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Sunday, October 1, 2023

7 Korean American homes burglarized in a month, causing grave concern

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On September 8, security cameras at a residence captured three intruders breaking in and making off with various items. [Image provided by victim Myunghee Ko].

In the past month, at least seven Korean American homes in LA’s Koreatown have fallen victim to burglaries.

These crimes predominantly took place in the Korean American neighborhoods stretching from Western to Crenshaw (east to west) and from Olympic to Wilshire (north to south).

A commonality among these incidents is the method: groups of three or more burglars targeting empty homes during daylight hours, specifically between 11 a.m. and 5 p.m., swiftly stealing high-value items.

Myunghee Ko, a resident near Lorraine/8th Street, made a disturbing discovery on September 8. Returning from work at approximately 4:40 p.m., she found her front door ajar. Upon entering, she noticed clothes that should’ve been upstairs scattered near the entrance. An inspection of her home revealed ransacked rooms and a shattered window.

Alarmingly, all 11 of the home’s security cameras had been compromised.

Accessing the remaining footage, Ko witnessed three black intruders, armed with knives, hammers, and other weapons, scouring her home. It became apparent that the culprits gained entry through a second-floor patio, aided by an old tree adjacent to the driveway.

Recalling the harrowing experience, Ko shared her son’s concerns: “My son feared what could’ve happened had I returned while they were still inside.” She added, “They not only ransacked our home, damaging floors and stairs in the process, but also took valuables amounting to over $100,000. This includes two Rolex watches, jewelry, luxury items, and a safe containing cash.”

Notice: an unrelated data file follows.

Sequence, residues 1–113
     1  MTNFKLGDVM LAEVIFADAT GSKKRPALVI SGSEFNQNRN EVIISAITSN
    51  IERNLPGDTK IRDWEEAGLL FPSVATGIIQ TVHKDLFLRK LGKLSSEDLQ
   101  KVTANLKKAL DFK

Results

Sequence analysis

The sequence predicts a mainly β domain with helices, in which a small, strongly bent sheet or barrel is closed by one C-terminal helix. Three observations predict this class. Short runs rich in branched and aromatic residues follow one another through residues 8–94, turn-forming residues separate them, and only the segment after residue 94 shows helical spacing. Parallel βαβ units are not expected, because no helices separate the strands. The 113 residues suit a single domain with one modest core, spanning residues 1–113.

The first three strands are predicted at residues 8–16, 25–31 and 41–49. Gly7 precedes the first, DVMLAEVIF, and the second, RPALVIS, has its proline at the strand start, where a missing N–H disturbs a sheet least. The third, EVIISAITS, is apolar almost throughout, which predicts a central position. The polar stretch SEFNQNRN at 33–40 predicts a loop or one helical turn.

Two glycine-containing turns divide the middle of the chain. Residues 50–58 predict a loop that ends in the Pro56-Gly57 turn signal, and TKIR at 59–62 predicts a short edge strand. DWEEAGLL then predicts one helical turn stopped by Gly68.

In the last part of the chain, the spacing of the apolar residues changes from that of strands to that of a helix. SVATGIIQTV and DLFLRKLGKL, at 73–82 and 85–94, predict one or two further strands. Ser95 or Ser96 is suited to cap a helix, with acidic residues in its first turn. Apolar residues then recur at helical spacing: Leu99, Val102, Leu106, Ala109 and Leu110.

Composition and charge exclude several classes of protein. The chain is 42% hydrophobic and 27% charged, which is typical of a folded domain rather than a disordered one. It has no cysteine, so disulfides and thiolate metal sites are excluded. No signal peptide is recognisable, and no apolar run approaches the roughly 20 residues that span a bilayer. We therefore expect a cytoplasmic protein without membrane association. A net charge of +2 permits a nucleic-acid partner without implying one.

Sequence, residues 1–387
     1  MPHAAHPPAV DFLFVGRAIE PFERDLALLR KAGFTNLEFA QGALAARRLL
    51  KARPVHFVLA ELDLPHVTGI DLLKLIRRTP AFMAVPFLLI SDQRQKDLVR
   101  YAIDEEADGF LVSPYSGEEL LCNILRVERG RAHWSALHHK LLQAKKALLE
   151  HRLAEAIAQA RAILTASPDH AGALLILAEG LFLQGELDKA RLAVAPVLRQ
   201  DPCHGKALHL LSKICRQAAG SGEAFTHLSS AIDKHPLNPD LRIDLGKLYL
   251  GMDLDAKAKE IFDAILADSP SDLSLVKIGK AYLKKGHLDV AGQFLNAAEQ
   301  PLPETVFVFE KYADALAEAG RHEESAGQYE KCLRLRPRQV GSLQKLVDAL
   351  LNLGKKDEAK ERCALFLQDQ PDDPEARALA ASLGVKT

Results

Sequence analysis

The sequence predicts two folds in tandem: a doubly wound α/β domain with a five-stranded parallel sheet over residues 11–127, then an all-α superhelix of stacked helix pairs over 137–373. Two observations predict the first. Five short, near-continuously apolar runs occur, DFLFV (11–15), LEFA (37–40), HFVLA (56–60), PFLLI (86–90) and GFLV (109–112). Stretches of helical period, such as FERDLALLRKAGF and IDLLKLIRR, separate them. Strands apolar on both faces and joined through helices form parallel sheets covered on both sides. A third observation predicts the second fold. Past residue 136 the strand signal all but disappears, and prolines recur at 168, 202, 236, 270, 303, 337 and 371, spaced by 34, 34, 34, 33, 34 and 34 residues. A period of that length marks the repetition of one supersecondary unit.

Ko isn’t alone in her ordeal. She mentioned six or seven other households in the vicinity experiencing similar break-ins recently. “A couple I know, residing at Olympic and Westchester, were burglarized just a day after us, on September 9,” Ko revealed. “They are so traumatized that they now take turns standing guard at their home.”

Ko further commented on the disturbing trend: “There have been numerous thefts in Koreatown targeting Koreans, even in places like second-hand stores. Victims often don’t report out of fear of reprisal. There’s a misconception that Korean households keep large sums of cash, making them attractive targets.”

Similarly, a resident with the surname Kim, living near Olympic and 3rd streets, was robbed of a significant sum last year. “Around 1 p.m., while the house was empty, a group of six to seven intruders smashed a window to enter. They took everything, including our safe,” Kim recounted. “Upon reviewing our CCTV footage, I spotted what appeared to be teenagers surveying our house just prior to the incident.” Kim’s efforts to seek justice were in vain: “Even though I reported it to the police, they failed to apprehend the suspects. I was told that the culprits, being young and unarmed, would likely be released shortly after an arrest.”

LAPD Public Information Officer Tony Lim expressed the frustration: “The alarming frequency of these suspects being released post-arrest leaves us feeling rather helpless.” Lim further elaborated on the understaffed state of the LAPD, “We are currently operating with around 8,000 officers, which inevitably leads to delays in response times. A potential solution would be for residents to make their voices heard through voting.”

According to LAPD data, the Olympic Police Department reported 568 burglaries in 2023. Of these, 188 (or 33%) were break-ins at standalone homes, representing the highest number of burglaries by property type. Among the 21 LAPD stations, the Olympic Police Department ranked sixth in burglary cases.

BY SUAH JANG    [jang.suah@koreadaily.com]